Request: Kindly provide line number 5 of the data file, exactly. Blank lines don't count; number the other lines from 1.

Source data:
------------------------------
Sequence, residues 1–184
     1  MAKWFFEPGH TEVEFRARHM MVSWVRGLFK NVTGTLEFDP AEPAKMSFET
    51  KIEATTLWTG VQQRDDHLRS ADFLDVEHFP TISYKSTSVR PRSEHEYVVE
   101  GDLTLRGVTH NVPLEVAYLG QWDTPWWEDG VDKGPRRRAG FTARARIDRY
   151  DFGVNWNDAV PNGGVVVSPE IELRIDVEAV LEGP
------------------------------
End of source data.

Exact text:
   151  DFGVNWNDAV PNGGVVVSPE IELRIDVEAV LEGP